Rishi Sunak Announces General Election Will Likely Be Delayed Until 'Second Half' Of 2024

Prime minister accused of having "bottled” going to the polls in May.
JAMES MANNING via Getty Images

Rishi Sunak has announced the general election will likely be held in the “second half” of 2024.

The prime minister’s intervention on Thursday suggests the country will go to the polls in October or November.

Sunak said: “My working assumption is we’ll have a general election in the second half of this year.”

It comes following speculation he could decide to call an early election in May.

The prime minister does still have the option of delaying it until as late as January 2025.

Labour holds a commanding poll lead and earlier today Keir Starmer said 2024 could be “the moment when power is taken out of Tory hands”, adding: “Bring it on.”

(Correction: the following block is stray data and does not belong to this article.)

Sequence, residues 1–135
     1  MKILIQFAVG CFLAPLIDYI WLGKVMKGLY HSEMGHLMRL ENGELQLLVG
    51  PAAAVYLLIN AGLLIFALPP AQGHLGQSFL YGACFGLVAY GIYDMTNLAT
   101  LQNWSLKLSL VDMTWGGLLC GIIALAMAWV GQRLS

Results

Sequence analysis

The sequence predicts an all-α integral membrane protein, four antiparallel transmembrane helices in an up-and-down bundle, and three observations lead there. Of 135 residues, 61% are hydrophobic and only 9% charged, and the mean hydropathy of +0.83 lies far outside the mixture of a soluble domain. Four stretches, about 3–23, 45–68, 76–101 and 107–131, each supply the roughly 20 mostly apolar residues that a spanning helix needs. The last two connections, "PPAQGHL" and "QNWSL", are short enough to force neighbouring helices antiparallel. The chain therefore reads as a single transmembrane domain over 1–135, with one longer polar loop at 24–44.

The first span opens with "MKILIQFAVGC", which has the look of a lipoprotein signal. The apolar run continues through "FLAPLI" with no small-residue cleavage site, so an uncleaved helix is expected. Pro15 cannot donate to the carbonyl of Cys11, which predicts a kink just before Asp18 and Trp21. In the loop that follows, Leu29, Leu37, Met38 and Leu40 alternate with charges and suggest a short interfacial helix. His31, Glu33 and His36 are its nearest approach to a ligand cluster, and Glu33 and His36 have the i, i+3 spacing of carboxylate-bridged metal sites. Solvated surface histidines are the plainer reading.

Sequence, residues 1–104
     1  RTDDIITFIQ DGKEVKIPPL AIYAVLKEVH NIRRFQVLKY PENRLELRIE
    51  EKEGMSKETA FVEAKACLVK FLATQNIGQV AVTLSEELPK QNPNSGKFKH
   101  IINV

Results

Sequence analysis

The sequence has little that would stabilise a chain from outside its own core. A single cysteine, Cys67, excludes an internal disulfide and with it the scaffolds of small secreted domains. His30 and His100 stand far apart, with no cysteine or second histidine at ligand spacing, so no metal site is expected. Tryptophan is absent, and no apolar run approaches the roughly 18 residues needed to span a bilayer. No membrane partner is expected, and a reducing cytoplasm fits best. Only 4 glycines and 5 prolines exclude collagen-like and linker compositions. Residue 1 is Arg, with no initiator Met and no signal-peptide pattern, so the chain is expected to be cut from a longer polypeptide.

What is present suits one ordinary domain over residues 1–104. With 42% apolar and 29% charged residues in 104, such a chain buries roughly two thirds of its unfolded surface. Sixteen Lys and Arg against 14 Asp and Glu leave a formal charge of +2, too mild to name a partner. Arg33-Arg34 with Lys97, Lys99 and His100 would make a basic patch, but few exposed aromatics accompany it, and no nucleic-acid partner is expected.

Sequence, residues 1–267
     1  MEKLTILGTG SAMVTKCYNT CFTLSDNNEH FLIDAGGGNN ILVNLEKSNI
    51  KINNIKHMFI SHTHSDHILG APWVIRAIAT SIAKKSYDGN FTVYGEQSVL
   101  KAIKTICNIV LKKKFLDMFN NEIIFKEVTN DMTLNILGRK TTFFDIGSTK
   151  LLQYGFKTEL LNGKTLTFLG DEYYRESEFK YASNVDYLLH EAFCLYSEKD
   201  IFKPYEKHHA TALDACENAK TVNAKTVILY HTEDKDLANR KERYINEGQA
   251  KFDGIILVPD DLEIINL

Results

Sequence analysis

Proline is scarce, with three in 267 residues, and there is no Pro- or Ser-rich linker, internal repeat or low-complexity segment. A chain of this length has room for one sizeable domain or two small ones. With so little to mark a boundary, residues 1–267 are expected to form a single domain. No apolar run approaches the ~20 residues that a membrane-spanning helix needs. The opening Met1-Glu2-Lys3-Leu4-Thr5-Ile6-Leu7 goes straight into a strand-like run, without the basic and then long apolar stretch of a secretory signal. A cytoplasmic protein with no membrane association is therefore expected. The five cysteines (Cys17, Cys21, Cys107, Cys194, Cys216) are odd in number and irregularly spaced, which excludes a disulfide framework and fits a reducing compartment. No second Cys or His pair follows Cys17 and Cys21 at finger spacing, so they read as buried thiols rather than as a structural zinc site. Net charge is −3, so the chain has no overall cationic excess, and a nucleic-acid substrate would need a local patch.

Lib Dem leader Ed Davey accused Sunak of having “bottled it” and said he was “running scared”.

“Squatter Sunak is holed up in Downing Street, desperately clinging on to power rather than facing the verdict of the British people,” he said.

“We need an election in Spring, so that voters can finally get rid of this appalling and out-of-touch Conservative government.”

Speaking to broadcasters, the prime minister did not entirely rule out a spring election.

“I want to keep going managing the economy well and cutting people’s taxes. But I also want to keep tackling illegal migration,” he said when asked.

“I want to keep going, managing the economy well and cutting people’s taxes.

“But I also want to keep tackling illegal migration. So I’ve got lots to get on with and I’m determined to keep delivering for the British people.”

A recent survey showed nearly three-quarters of people - 73% - wanted the election by May of this year.

The research, by the More in Common think tank, found only 15% believed Sunak should wait until autumn.


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